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New Senate Revenue Estimates $61 million less than House

May 15, 2013 Common Cents

This post is a corrected version of a post originally published on May 14, 2013 and reflects revised totals from the Office of the Legislative Budget Assistant.

The Senate Ways and Means Committee is recommending revenue estimates that are at least $61 million lower than the House. The committee met Tuesday to prepare figures for Senate budget writers to use in preparing their version of the FY 2014-15 state budget.

Depending on how the Senate decides to allocate Medicaid Enhancement Tax (MET) revenue, the $61 million gap could grow wider still.  This, in turn, likely jeopardizes efforts to restore funding for critical priorities, such as higher education and services for the mentally ill and developmentally disabled.

All told, the Senate Ways and Means Committee projects that General and Education Fund Revenue will amount to $4.35 billion over the course of FY 2014-15 – this excludes the Medicaid Enhancement Tax (MET) but includes the impact of likely policy changes.

This sum is approximately $61.4 million less than the $4.41 billion the House expects the state would collect from similar sources under its version of the budget.

The gap arises both from differences in the House’s and Senate’s forecasts for existing tax and revenue sources in the next two years and differences in the revenue-related policies that they seek to enact through the budget.

With regard to baseline revenue projections, the Senate anticipates that New Hampshire’s current tax and revenue system will yield approximately $2.177 billion in FY 2014 and $2.218 billion in FY 2015, reflecting aggregate growth rates of 0.4 percent and 1.9 percent respectively.  On a biennial basis, the Senate’s baseline projections are actually $53 million more than the House’s, due largely to a more optimistic outlook for business tax collections.

However, at the present time, it appears that the Senate will not follow the House’s lead in adopting a set of policy changes, such as raising the tobacco tax, augmenting the Department of Revenue Administration’s enforcement capacity or suspending several business tax breaks, that would yield as much as $90 million in the coming biennium.

What’s more, the revenue projections agreed upon by Senate Ways & Means allocate $21.5 million in tobacco settlement payments to the current fiscal year, FY 2013, rather than to FY 2014, as the House had elected to do.  Finally, Senate Ways & Means did not count upon any license fee revenue from legalizing casino gambling in setting its estimates.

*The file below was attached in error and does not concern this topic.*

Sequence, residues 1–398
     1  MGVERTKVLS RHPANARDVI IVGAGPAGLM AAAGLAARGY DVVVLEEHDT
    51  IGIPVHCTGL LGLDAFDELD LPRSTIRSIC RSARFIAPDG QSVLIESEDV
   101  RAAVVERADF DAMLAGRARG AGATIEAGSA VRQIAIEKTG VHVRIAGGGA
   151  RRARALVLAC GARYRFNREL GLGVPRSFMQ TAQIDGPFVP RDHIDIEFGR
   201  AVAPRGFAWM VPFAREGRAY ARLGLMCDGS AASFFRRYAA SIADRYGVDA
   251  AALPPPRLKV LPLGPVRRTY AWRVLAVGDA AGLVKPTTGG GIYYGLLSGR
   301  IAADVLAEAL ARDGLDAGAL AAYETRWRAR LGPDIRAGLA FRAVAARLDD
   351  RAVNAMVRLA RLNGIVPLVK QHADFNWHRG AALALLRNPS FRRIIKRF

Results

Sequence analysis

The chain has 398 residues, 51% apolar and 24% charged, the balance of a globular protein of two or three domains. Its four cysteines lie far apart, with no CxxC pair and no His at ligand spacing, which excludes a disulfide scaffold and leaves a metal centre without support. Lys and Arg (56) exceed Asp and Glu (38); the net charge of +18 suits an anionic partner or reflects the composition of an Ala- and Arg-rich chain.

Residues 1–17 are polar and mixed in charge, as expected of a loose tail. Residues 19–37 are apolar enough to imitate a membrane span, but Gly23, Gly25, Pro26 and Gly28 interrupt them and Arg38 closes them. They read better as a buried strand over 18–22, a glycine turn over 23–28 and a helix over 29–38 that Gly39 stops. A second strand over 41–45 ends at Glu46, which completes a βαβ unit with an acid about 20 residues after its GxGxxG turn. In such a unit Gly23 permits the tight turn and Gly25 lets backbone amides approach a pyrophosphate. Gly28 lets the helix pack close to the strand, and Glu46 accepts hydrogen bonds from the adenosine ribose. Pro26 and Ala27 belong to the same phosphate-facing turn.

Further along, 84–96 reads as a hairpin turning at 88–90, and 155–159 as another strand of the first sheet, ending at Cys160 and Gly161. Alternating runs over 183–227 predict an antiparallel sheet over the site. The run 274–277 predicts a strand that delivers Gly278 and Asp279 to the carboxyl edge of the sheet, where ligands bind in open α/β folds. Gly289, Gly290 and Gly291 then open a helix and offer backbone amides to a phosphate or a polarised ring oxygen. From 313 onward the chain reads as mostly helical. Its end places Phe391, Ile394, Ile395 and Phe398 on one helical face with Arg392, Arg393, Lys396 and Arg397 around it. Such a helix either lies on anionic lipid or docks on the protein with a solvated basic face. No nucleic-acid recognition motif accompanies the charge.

Of note, while the preceding figures do not reflect the impact of the Medicaid Enhancement Tax (MET), it seems likely that once that revenue source is taken into account, the differences between the House and the Senate will, at best, remain at $61 million and may even become larger.

That is, Senate Ways and Means anticipates that gross MET revenue will be $375 million for FY14-15, a sum that is $107.2 million less than the House projects. How that gross revenue will be distributed to providers, the General fund, and to uncompensated care payments will be left to the Senate Finance Committee to decide, but given the differences in projections, it will be impossible for Finance to match the House’s distributions in all three of these categories.

Should Finance choose to reduce the amount of MET flowing into the General Fund below roughly $73 million – the amount the House dedicates to that purpose in each of the next two fiscal years – then the overall General and Education Fund revenue gap between the two chambers will widen further.

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Poverty Falls in New Hampshire, But Not Far Enough

18 Sep 2014

tree with coins

New Hampshire’s poverty rate dropped considerably in 2013, but still remains above pre-recession levels, according to data released earlier today by the US Census Bureau. While such recent gains on poverty offer reason for optimism, the inability to retake ground lost during the economic downturn should spur policymakers to consider new approaches to aiding Granite Staters struggling to make ends meet.